Protecting your mental health abroad
Wednesday, 23 March 2022
To celebrate our very first Welfare Wednesday, one third of our fantastic Welfare Team, Aidan, shares their advice for staying on top of your mental health whilst being away from home.
Whether you’re studying, working, or volunteering abroad, traveling and living in another country is an exciting and rewarding experience. It’s normal to feel stressed, anxious, and even lonely at times, but there are some things that you can do to protect your mental health and make sure that your year abroad is as safe and enjoyable as possible.
Perhaps the best advice for your year abroad is to say “yes” to new experiences. The friends and memories that you’ll make during your travels will last a lifetime and will help you to settle in and really feel at home. Exploring your city and country, the food and culture will help you to learn, grow, and feel more comfortable, and it can also be a great way to de-stress. However, remember that it’s okay to say “no”; you don’t have to be doing something new and exciting every day to enjoy your year abroad!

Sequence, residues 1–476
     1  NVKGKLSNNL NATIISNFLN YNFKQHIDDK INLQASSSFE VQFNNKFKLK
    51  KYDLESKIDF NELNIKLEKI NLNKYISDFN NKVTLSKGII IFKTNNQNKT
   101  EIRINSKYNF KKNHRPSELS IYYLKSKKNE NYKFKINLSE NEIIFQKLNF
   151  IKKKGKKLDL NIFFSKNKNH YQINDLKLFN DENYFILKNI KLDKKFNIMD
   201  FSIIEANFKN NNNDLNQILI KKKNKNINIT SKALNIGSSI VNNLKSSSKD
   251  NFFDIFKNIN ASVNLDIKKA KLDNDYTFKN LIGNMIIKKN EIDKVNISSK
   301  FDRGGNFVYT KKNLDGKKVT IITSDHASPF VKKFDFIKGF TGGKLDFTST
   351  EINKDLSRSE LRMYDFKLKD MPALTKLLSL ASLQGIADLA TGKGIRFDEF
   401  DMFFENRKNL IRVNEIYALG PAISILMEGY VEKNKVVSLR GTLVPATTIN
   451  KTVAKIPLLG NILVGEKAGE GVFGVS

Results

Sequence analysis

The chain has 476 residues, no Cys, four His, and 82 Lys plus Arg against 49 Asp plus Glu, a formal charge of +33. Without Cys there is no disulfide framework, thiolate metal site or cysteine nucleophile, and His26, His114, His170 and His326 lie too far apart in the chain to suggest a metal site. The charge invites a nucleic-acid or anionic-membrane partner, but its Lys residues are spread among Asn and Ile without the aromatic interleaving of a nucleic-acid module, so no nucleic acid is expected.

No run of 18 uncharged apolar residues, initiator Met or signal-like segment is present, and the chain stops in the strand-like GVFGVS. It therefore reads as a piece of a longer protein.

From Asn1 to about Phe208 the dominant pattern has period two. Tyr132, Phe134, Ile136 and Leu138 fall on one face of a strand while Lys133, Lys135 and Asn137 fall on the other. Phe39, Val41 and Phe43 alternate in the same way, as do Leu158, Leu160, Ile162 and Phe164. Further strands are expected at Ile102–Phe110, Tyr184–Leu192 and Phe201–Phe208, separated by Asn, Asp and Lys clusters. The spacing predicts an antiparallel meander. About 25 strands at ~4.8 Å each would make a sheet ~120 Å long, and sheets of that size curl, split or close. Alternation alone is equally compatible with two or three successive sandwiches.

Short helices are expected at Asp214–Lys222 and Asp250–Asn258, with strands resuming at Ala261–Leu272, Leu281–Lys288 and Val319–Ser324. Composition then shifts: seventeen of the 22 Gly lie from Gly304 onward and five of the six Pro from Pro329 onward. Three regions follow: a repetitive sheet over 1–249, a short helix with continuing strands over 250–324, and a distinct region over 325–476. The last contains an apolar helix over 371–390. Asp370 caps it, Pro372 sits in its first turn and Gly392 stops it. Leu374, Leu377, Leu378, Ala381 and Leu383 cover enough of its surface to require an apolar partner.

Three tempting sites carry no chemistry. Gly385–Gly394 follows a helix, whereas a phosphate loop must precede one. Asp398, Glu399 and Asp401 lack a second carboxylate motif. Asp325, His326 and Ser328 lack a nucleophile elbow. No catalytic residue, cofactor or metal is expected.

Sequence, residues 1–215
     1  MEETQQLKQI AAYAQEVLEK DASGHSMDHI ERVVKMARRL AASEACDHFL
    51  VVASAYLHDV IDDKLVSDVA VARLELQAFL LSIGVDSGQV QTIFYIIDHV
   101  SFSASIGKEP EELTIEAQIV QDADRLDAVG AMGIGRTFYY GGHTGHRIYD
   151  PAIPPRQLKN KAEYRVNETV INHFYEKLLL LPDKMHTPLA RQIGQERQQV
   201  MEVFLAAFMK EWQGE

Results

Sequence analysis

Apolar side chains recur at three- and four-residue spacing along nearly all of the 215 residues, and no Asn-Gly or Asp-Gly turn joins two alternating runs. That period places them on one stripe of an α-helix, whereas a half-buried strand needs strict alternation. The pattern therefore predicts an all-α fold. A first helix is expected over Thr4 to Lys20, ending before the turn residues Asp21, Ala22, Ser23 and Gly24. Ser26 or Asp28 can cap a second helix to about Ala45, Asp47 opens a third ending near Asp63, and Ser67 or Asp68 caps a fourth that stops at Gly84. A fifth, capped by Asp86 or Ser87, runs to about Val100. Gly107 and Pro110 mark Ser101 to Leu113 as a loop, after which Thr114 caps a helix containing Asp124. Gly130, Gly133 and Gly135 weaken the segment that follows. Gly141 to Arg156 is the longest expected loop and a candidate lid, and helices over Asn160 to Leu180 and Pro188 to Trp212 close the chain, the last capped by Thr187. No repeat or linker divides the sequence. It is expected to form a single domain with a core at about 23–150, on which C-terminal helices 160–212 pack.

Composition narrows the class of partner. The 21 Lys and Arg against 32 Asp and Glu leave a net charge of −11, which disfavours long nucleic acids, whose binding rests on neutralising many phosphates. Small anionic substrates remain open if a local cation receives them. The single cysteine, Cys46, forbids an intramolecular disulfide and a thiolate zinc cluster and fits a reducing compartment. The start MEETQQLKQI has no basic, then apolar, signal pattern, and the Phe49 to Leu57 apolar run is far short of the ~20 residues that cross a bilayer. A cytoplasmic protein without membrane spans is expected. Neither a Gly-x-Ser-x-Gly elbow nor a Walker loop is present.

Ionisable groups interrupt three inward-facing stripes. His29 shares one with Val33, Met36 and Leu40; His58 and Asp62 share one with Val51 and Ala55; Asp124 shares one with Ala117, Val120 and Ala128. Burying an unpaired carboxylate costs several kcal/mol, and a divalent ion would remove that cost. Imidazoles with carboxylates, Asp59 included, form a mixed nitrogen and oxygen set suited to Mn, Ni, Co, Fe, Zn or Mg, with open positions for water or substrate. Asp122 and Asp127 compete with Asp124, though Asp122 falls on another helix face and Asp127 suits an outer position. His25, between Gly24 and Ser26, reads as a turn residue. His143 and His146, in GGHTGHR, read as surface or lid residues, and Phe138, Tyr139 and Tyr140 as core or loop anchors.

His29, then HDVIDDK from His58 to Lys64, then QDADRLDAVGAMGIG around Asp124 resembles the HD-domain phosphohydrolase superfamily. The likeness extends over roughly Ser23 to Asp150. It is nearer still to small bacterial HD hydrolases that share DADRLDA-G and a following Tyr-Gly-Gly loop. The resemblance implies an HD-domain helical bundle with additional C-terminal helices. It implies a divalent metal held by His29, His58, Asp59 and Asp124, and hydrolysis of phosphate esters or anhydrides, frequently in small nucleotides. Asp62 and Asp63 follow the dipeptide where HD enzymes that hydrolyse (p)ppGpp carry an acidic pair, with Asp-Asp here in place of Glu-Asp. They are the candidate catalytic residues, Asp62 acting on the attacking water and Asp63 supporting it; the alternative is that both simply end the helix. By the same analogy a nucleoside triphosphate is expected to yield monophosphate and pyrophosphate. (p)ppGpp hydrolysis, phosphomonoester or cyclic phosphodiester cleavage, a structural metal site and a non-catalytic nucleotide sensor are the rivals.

As well as making new friends and having new experiences, it’s important to take time for yourself. You’re doing something incredible, but challenging, so be kind to yourself! Some days are going to be harder than others. Some days you’ll miss home and your loved ones. Some days you’ll feel as though you don’t understand anything of the language and culture. Having a support system is key to surviving those days. Chat with your friends and family back home, meditate, listen to music, read, play games, watch Netflix, go for a walk, exercise, or whatever makes you happy.
And finally, know where you can access support! Reach out to the Year Abroad team at Nottingham or our Welfare Team here at Lingo Magazine, and we can direct you to the right services.
Lovely tasty dish. Try it you won’t be disappointed.
Very tasty and cheap. I often have this for tea!
Being a bilingual family (French mother and British father,) living in France I thought your article was extremely interesting . Have you research on bilingualism ? It seems that when the mother is British and the father French and they both live in France their children seem to be more bilingual than when the mother is French and the father is British . This is what we called mother tongue , isn't it ?
Such an interesting article!